Runners in the annual Mount Marathon race, which goes up and down the 3,022-foot slab of pain overlooking Resurrection Bay in Seward, pass an emergency room before their tortuous grind up the mountain and pass it again after their harrowing descent.
At the mountain’s base sits an ambulance. Adjacent to the finish chute downtown is a medical tent.
Countless numbers have left flesh and blood sprinkled among the rocks, cliffs, dirt, shale and scree along the course of three miles-plus in the Fourth of July race that officially began in 1915 .
After being cheered by thousands of fans who swell the small, seaside town to gape at the spectacle, finishers congregate to compare war stories – and wounds. To finish Mount Marathon is victory.
That holds true whether the conquerer is an athlete as sublime as eight-time champion Bill Spencer or nine-time women’s champion Nina Kemppel – both Olympic nordic skiers – or one as seemingly ordinary as a middle-aged mom testing her limits. To win Mount Marathon is to become legend.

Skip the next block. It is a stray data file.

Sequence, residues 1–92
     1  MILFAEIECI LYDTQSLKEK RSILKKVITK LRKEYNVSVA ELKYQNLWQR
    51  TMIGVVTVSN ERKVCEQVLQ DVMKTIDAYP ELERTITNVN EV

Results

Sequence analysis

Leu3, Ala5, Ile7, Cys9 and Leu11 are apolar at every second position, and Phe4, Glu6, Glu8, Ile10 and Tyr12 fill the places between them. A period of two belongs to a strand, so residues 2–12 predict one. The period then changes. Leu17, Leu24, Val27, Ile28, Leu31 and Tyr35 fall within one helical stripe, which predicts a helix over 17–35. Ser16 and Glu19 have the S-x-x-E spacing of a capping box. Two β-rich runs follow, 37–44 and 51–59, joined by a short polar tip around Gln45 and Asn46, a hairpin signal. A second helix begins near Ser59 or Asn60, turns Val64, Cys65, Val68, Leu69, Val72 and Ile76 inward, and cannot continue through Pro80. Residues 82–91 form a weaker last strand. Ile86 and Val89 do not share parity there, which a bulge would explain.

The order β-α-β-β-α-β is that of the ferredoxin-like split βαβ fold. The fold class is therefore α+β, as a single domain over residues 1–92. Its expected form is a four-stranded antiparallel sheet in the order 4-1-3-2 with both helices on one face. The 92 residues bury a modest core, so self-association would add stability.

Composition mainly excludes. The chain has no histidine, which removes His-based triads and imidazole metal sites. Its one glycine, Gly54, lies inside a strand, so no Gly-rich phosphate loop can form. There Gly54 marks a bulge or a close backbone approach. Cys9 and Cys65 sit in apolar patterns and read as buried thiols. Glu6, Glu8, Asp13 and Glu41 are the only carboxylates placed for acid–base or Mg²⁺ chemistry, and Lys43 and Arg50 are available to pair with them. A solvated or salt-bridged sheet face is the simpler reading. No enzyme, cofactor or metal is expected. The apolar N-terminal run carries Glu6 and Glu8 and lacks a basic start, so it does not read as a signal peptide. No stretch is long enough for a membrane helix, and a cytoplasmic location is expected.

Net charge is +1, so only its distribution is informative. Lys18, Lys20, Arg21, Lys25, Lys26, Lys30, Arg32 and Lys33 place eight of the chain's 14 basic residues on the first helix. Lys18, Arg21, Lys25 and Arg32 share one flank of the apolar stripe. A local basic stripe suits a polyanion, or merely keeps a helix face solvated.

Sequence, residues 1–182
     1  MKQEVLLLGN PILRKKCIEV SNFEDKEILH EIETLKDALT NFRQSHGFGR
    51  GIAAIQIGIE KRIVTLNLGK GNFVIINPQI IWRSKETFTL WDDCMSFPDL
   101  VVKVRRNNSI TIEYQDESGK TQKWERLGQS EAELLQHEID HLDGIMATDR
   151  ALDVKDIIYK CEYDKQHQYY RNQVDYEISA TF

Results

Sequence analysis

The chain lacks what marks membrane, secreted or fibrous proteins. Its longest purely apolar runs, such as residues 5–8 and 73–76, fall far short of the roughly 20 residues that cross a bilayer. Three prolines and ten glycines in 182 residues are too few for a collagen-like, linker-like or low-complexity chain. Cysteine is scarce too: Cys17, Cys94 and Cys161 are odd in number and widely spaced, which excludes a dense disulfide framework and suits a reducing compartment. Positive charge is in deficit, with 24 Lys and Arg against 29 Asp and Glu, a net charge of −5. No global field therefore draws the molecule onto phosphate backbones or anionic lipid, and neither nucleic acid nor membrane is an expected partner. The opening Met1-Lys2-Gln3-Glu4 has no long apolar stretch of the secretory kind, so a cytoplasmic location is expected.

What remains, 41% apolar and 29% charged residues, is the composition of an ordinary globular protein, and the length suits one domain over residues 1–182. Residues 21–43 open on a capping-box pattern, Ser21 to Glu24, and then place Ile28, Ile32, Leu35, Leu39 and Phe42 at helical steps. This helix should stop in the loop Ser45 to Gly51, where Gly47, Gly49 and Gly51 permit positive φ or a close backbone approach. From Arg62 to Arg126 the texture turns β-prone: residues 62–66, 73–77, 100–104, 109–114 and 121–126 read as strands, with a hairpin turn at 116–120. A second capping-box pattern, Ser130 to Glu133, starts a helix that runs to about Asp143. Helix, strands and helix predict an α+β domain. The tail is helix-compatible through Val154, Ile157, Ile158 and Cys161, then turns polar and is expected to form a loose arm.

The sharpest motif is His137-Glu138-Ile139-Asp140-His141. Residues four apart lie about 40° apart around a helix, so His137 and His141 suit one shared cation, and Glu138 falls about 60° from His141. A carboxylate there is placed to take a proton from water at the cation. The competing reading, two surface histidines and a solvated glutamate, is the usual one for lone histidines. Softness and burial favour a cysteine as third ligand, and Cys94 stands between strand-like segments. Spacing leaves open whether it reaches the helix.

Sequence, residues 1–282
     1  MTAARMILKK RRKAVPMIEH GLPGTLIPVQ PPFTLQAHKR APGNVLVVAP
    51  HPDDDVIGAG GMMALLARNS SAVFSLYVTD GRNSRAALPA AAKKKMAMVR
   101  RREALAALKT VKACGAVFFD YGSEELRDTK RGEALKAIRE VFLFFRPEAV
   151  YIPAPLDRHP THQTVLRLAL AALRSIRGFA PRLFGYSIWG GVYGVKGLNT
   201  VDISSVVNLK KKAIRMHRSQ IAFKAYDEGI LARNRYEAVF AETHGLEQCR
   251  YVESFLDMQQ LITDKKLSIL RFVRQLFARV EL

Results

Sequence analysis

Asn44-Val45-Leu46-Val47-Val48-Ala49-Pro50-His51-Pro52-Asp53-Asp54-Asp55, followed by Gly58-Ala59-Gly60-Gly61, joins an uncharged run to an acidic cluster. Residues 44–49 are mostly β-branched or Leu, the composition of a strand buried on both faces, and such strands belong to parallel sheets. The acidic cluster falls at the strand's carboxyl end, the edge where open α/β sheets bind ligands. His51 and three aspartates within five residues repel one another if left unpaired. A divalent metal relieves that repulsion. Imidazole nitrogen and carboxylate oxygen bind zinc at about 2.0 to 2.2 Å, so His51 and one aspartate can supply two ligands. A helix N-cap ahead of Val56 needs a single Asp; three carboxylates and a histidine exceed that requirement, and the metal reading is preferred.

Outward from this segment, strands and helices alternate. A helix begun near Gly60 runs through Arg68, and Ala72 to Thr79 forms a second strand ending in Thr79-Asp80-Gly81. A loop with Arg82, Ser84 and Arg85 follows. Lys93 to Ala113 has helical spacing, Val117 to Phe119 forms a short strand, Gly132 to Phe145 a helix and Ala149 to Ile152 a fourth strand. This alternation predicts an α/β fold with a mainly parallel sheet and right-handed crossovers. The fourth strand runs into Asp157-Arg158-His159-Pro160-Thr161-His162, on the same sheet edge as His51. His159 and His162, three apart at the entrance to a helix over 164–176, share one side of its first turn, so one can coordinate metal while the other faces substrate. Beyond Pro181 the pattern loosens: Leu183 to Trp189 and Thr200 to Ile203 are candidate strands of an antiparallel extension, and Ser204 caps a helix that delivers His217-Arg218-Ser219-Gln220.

Runners like women’s course record-holder Nancy Pease, seven-time champion Cedar Bourgeois and six-time champion Brad Precosky have stamped their greatness on the mountain.
The slog up the beast that averages a 38-degree pitch makes lungs feel like they will explode. The perilous descent makes quadriceps feel like they will implode.
What began as a bar bet in 1909 – is it possible to go up and down the mountain in an hour? – has become the most hyped sporting event in Alaska other than the Iditarod. Each Independence Day, it delivers – drawing hordes of fans and hundreds upon hundreds of hardened athletes.
Fittingly, the race that began as a bar bet finishes next to a bar. Mount Marathon is thirsty work.
– Doyle Woody